2. From what i can extrapolate from your many entries over the years, you do seem to have fairly similar sensibilities to us. That is: separate and apart from Disney love. But who knows. I won’t be mad if you express an opinion I asked for even if I end up disagreeing with it. Promise.
And thanks as always for all the awesome stuff you have produced that has helped us enjoy our trips that much more, and enjoy a slice of Disney when we can’t be there. (Live in Canada; go once a year.)
Yes, I think kids would enjoy the Edison at lunch or dinner. At least, I would have as a kid. The environment is fun and inventive (also, there’s a walkaround character–we somehow missed her twice, even though we saw her in the restaurant) and it’s in no way risque during the day.
We took our 6 and 9 year old with us for lunch last month and they loved it! If your kids are used to sitting in a restaurant, it shouldn’t be a problem. Our server and the walk around character were both very kind and engaging with them!
Thanks for the review! Am I reading things correct? The dress code is just for the 10pm entertainment, right? If you go for lunch or dinner you can dress however?
Got it, thank you!
“take the crown as the best themed bar at Walt Disney World” plus “A pretty robust beer lineup is also available.” I just made a fist pump in excitement.
Great review! I have been wondering what was so exciting about The Edison and you are the first to actually pique my interest. It’s now on my list to check out!
I’m excited to try The Edison in April. I’m fairly certain my wife and I are going to love it for the entertainment (even though neither of us really drink much). I’ve been looking forward to reading your thoughts on it (although I already knew it would be positive due to twitter).
Perhaps you can help me out with a question regarding the layout of the venue. We currently have an 8:30 dinner reservation for a Monday night. We plan to have a long relaxed dinner before the entertainment gets going, then enjoy the atmosphere once 10 pm rolls around. I guess my question is, where are the dining tables in regard to the entertainment. Would we be able to remain at our dinner table and enjoy a drink or dessert while we watch the entertainment, or is it strictly in a bar area where we would be better off giving up our dinner table and finding a new place to hang out in the restaurant?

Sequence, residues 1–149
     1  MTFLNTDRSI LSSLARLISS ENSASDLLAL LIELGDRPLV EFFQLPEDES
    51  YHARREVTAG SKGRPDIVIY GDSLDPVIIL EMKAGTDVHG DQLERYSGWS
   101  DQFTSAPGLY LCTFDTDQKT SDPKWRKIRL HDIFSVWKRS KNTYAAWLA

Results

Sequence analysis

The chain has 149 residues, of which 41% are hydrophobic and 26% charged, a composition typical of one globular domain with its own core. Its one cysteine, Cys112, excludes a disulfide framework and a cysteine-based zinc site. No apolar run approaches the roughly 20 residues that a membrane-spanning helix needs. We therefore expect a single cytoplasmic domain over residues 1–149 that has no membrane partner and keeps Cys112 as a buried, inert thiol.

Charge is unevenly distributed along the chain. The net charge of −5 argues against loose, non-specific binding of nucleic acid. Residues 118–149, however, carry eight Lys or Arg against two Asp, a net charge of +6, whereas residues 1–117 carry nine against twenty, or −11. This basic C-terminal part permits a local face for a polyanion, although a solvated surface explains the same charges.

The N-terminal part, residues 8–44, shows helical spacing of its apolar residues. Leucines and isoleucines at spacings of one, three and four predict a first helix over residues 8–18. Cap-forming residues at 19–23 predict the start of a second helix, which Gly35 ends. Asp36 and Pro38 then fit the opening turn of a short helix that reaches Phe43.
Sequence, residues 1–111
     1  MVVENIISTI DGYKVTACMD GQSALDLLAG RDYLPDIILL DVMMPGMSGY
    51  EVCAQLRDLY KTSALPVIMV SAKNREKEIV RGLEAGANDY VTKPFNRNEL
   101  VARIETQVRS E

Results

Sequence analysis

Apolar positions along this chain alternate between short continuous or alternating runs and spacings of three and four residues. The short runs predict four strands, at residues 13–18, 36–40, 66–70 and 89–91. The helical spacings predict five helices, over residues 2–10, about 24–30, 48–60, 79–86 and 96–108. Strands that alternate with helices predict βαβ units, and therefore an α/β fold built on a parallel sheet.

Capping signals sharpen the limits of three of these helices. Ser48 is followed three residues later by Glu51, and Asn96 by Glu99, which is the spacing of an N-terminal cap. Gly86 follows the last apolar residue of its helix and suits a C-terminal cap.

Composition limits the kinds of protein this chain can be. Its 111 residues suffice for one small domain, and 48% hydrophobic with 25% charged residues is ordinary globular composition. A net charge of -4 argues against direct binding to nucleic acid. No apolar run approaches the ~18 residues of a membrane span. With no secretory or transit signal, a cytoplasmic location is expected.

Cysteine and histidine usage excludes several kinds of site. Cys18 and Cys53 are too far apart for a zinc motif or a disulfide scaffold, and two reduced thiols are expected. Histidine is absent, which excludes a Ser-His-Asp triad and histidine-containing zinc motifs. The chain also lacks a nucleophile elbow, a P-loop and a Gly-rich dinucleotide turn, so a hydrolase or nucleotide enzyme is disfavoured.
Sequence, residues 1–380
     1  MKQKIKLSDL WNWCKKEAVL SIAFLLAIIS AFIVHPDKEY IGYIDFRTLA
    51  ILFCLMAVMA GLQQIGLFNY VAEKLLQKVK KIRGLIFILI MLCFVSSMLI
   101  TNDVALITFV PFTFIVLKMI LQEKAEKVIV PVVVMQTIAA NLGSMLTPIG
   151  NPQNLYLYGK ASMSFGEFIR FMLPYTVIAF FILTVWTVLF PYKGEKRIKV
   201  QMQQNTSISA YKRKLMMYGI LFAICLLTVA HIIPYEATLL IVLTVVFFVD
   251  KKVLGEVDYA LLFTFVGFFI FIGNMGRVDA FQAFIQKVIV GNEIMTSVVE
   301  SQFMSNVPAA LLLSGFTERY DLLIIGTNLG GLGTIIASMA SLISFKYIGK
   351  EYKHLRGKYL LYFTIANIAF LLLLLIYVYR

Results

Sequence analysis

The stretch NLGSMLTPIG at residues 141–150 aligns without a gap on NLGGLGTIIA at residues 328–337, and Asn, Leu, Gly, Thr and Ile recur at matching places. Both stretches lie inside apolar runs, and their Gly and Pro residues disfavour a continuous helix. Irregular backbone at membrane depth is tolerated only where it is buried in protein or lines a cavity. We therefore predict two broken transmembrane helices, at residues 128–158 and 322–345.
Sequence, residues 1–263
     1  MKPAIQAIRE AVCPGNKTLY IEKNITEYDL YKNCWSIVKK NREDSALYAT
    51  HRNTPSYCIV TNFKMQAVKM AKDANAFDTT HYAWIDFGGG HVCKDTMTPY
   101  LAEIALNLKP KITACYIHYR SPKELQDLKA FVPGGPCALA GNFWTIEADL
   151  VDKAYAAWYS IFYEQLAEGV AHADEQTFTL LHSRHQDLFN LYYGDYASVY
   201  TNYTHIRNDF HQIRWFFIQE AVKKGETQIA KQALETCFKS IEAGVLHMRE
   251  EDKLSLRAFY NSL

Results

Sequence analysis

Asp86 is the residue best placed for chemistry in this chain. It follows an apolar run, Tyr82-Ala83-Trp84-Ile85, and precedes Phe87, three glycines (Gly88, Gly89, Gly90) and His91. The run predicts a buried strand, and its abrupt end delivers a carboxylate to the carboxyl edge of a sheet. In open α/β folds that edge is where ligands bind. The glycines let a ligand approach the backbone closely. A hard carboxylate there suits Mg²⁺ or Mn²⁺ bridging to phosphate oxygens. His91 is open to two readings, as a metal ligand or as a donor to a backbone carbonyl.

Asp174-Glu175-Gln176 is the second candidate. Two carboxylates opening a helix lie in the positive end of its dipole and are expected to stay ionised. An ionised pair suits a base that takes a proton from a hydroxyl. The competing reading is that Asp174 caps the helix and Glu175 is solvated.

It really depends upon where you’re seated. We sat in the booths above the entertainment area (pictured in the fisheye shot of two booths), which was an okay spot for viewing some of the entertainment, but not ideal. Other seats are going to have no view of the entertainment.
I wouldn’t worry too much about it. Entertainment continues for 3-4 hours, so even if you miss the start of it while enjoying dessert, it’s not going to be a big deal.
Does the Edison have entertainment every night after 10 PM, or is it only on weekends? What night would you recommend going (or does it matter)?
There’s entertainment every night, but the cover charge is only weekends. Personally, I’d do a weekend anyway. We found the entertainment to be better then, and well worth the cover charge.
Of course, this is all subject to change–the restaurant is still in test and adjust mode, so who knows what’ll be cut/added/tweaked as they figure out what works and doesn’t each night of the week.
Thanks for this review! This has been the place long awaited given we live in LA and know the Edison downtown. Love that it has a home in WDW, makes sense to us, and will be a welcome night spot when we decide to vacation in Orlando. Thanks again!
Question about the pre-10PM experience. Sans entertainment, is it still worth visiting? Or is the energy of the place pretty dead until the dancing, etc, begins? I’m fascinated by the Edison but the late night entertainment might not be for everyone in my travel group. Is it just another restaurant during daytime/early evening or does it still carry something special?
It definitely does not have the same energy at lunch or earlier in the night, but the themed design plus the menu makes it a good option. I’m not so sure I’d choose it over the Boathouse or Morimoto Asia for an earlier meal, but it’s a close call.